The Cambodian government is conducting an audit of casino firm NagaCorp Ltd’s gaming resort NagaWorld (pictured) in the capital Phnom Penh, in order to assess its tax liabilities on non-gaming operations, reports the Phnom Penh Post newspaper.
The news outlet said the audit followed the finding of what the newspaper termed “discrepancies” last year.
“The audit is ongoing and we have yet to finalise how much NagaWorld owes for their non-gaming operations,” the media outlet quoted Ros Phirun, deputy director of the finance industry department at the Ministry of Economy and Finance, as saying.
“The reason why we are doing this is because we found last year that they needed to pay more [in taxes],” Mr Phirun was additionally quoted as saying.
GGRAsia has approached NagaCorp for a comment on the news report.
According to NagaCorp’s annual report for 2015, filed in March with the Hong Kong Stock Exchange, the firm paid “income tax” of just under US$16.4 million in the 12 months to December 31, 2015. Its revenue for the period was just under US$503.7 million. Only approximately US$23.1 million of that revenue came from non-gaming operations.
Such non-gaming operations are expanding at the property. NagaCity Walk, a shopping complex linked to NagaWorld, had a soft opening earlier this month, according to local media. In May, NagaCorp acquired the Citywalk Group – owner of NagaCity Walk – at a consideration of US$94 million. Citywalk Group was held by Chen Lip Keong, NagaCorp’s controlling shareholder.
With regard to gaming earnings, NagaCorp is currently liable for flat tax payments – typically adjusted upward over time, according to conversations GGRAsia has had with management – rather than a tax on casino gross gaming revenue (GGR) as occurs in Macau.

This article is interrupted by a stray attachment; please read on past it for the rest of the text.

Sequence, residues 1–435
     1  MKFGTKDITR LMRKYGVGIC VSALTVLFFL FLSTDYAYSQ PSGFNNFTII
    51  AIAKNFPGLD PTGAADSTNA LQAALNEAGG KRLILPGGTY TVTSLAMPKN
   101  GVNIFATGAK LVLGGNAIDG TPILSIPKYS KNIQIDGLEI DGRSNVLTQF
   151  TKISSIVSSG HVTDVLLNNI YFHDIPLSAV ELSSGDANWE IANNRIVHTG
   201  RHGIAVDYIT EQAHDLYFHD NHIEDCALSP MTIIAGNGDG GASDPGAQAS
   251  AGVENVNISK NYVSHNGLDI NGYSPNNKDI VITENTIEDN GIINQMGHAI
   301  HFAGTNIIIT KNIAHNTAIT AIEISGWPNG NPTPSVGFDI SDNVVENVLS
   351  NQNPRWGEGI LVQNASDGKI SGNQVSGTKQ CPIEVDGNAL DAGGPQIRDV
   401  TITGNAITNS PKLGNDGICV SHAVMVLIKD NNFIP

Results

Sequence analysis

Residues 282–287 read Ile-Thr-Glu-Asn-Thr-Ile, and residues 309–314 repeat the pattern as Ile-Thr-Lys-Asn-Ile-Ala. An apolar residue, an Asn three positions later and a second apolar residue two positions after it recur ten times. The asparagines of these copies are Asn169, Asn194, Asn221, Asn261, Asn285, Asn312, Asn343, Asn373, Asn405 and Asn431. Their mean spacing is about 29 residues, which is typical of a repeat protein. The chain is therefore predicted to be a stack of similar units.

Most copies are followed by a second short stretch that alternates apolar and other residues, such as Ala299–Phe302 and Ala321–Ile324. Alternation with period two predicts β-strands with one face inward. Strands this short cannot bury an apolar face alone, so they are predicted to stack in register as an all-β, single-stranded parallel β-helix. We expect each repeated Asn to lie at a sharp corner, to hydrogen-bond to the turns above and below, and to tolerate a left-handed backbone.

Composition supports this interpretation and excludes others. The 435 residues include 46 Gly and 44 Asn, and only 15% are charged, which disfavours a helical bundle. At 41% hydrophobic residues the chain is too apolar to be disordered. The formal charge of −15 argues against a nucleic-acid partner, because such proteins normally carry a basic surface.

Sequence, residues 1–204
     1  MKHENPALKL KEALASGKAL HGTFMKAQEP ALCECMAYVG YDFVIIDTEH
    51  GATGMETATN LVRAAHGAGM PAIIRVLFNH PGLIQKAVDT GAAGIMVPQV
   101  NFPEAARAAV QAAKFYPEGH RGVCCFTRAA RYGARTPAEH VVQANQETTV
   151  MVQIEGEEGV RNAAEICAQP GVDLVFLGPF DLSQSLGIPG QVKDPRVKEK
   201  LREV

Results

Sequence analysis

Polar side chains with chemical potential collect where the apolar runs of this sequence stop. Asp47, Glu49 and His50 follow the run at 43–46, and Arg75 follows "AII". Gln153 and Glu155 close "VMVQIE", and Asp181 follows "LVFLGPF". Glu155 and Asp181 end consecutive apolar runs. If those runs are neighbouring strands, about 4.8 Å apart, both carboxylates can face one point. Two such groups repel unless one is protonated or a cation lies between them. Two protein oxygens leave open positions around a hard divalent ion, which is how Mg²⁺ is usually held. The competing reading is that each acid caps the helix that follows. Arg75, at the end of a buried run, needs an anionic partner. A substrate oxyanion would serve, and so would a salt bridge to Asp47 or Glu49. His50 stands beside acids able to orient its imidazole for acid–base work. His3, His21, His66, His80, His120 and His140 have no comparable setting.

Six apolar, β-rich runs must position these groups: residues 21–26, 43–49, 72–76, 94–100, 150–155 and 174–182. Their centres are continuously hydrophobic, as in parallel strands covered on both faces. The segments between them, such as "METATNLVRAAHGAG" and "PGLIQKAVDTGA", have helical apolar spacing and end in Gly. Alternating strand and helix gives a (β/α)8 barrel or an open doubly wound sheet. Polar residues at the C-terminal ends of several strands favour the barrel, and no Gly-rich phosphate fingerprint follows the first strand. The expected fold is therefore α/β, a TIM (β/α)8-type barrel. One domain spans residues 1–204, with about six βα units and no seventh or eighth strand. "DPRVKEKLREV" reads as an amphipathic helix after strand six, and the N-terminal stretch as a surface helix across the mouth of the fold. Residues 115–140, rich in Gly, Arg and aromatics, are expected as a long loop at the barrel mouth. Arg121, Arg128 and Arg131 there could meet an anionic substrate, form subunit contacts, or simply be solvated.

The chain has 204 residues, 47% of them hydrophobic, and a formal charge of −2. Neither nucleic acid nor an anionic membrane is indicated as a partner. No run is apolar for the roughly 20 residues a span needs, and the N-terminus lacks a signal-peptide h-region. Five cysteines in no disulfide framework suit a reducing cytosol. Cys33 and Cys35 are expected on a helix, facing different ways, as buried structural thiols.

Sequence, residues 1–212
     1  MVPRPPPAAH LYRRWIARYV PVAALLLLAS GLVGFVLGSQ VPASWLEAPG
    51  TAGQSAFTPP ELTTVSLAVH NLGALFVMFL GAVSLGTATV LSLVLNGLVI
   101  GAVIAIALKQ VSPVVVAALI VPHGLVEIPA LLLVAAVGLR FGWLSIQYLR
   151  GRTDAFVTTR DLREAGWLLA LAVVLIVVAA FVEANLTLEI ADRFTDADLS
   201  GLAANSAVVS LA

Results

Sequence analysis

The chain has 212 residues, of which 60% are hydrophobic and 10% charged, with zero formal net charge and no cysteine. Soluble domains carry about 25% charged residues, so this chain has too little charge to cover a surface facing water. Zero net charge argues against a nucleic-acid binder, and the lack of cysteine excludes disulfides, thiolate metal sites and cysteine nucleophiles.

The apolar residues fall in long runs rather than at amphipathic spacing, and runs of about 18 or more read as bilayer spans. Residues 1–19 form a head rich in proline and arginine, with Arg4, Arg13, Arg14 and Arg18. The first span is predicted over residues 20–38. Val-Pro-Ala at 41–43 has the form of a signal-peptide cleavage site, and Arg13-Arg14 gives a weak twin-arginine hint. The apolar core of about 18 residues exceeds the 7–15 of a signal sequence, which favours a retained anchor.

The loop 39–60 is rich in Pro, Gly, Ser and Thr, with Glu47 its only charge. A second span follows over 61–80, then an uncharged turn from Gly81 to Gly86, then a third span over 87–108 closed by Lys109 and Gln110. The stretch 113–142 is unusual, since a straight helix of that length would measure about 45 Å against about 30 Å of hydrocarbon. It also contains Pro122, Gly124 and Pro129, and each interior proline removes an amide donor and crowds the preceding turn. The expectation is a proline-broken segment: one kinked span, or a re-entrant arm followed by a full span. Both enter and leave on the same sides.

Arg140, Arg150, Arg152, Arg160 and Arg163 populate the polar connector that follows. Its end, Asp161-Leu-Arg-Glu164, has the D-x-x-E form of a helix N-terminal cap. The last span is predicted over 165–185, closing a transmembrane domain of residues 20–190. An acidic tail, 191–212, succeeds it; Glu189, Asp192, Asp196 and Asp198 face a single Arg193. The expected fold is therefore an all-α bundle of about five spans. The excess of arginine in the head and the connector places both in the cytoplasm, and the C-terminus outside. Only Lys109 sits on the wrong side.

According to the 2015 annual report, during that year NagaCorp’s “income tax” burden – as defined by the firm – included what it termed a “monthly gaming obligation payment” amounting to US$365,322 – 12.5 percent more than the equivalent US$324,731 monthly payment in 2014. NagaCorp also in 2015 paid a one-off “non-gaming obligation payment” of approximately US$9.4 million (it paid nothing under that heading in 2014).
A long-discussed gaming law to regulate the Cambodian casino industry – that Mr Phirun had said in February might be passed this year – is part of a strategy by the Southeast Asia country to attract more gaming investment and more tourists, especially visitors from China.
“There doesn’t seem to be any hard timeline with respect to the gaming bill that is expected to come out of the Cambodian legislature. We believe the bill will ultimately serve two purposes: to establish a proper gaming regulatory environment; and to establish a GGR tax,” wrote in a June note analyst Grant Govertsen of brokerage Union Gaming Securities Asia Ltd.
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